Business etiquette in China

Greetings and names

Chinese generally shake hands when they greet guests. However, the handshake should be gentle. Sometimes, as an expression of warmth, the Chinese will cover the normal handshake with their left hand.

It is acceptable to bow slightly when greeting someone. However, the bow is essentially a nod – do NOT bow from the waist like Japan.

As a sign of respect, Chinese sometimes lower their eyes slightly when they meet others.

Except for shaking hands, do not touch anyone unless you know them very well. Do NOT embrace or slap Chinese on the back.

The order of Chinese names is family name first, then given name. Thus, Zhang Wenqiang should be addressed as Mr. Zhang.

Unless you are good friend or have been asked to do otherwise, you should address your Chinese associates as Miss, Madam, Mr., or by their job title, followed by their family name. Rarely, if ever, do Chinese use first names on business occasions. The Chinese are quite formal and prefer using someone’s title. For instance, if Mr. Zhang is the Director of an organization, he typically would be referred to as Director Zhang.

Business Cards

Business cards are an essential courtesy in China – keep a supply readily available.

Ideally, have your business card translated into Chinese on one side and English on the other.

Use two hands to present your business card with the Chinese version facing up. Your name should face the person you are presenting the card to so he can read your name.

Use two hands to accept a business card. Study the name for a few seconds when you receive the card.

Do NOT write on someone else’s business card.

Rank and hierarchy

The Chinese have a great respect for fixed hierarchical relationships. Rank or position is extremely important.

At meetings and banquets, the most senior guest or the oldest person is introduced first and is seated in the position of honor immediately to the right of the host.

The most senior or oldest person generally sits in the center of the negotiating table, facing the door.

Age and position are seen as signs of wisdom and rich experience. Older foreign business people have an advantage, and generally receive more attention than their younger colleagues. Whatever your age, always show respect for the opinions and suggestions of your Chinese counterparts who are senior in age and position. Such an attitude will be viewed by Chinese both as a gesture of respect and as a sign of sincerity.

Dress and appearance

For both business meetings and entertainment, loud colors and showy jewelry should be avoided. Women should also avoid low necklines, mini skirts, and solid red or white colors (red is reserved for brides and white for funerals).


Good topics for discussion include differences between China and the West, and the advances the Chinese have made.

Expect questions about your age, marital status, salary, and the price of personal items. Although your answers need not be detailed, trying to avoid answering will only invite suspicion and misunderstanding. For the Chinese, the specifics of your answers are not as important as your willingness to respond.

Avoid mentioning Taiwan and do not criticize Chinese leadership.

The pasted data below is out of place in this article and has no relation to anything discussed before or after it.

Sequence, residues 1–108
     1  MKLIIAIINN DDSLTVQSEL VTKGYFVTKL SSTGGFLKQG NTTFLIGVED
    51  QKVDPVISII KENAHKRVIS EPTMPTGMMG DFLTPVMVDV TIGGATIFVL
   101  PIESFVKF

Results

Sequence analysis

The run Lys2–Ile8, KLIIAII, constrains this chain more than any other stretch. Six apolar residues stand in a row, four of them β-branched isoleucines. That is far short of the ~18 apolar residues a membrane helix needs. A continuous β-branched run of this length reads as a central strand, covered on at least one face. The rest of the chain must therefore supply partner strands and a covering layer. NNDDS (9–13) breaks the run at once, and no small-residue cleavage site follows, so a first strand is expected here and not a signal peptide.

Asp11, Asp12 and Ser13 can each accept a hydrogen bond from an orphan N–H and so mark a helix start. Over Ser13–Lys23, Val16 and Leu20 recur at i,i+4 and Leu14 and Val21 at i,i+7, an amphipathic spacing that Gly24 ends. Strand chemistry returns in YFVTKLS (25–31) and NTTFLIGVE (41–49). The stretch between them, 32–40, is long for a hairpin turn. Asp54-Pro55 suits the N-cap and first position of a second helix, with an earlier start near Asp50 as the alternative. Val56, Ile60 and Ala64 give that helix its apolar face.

You should refer to the country as the "People’s Republic of China" or simply "China," rather than "mainland China."

The Chinese use silence as a way to avoid saying "no". Silence also implies, "There are still problems, and we would like to reconsider the main issues." Since the Chinese do not like to say no, you should avoid asking them questions that require such a response.

Another way the Chinese avoid a negative response is to say "We will do some research and discuss it later." Don’t be too encouraged by the word "research". In many cases, it means "We are not interested". As a foreigner, you can best size up a situation by paying close attention to facial expressions, gestures and overall body language.

Chinese communication is ambiguous, indirect and highly contextual. In conversation, the real meaning, especially if it’s negative, is often implied. What has not been said can be as important, or more important, than what has been.

Refrain from loud, boisterous speech and actions.

Laughing loudly is not polite or suitable in China when people meet each other for the first time.

Try not to be too talkative, and be sure to take an interest in what your host has to say.

Give your host a chance to bond with you, but expect your host to be more reserved in a business setting than would be the norm in the U.S.

When meeting someone for the first time for a business meeting, you should engage in general conversation before turning to business.


After your meetings with the Chinese, it’s a nice gesture to offer a small company-related or USA memento (e.g. pens, caps, paperweights, mugs.) Gifts of any great value can cause embarrassment and usually are not accepted by the Chinese.

Present your gifts with both hands.

The Chinese do not usually open gifts in front of the presenter.

When wrapping, be aware that the Chinese ascribe much importance to color. Red is lucky, pink and yellow represent happiness and prosperity; white, gray and black are funeral colors.

Chinese do not usually accept a gift, invitation or favor when it is first presented. Politely refusing two or three times is thought to reflect modesty and humility. Accepting something in haste makes a person look aggressive and greedy, as does opening it in front of the giver.

When you are the recipient, remember that sincerity, appreciation and face are far more important than whether or not you accept what’s being offered.

The following gifts should be avoided: white or yellow flowers, pears, and clocks.

Do NOT use red ink to write cards or letters. It symbolizes the end of a relationship.

Source: Protocol Tips for China - Minnesota Trade Offfice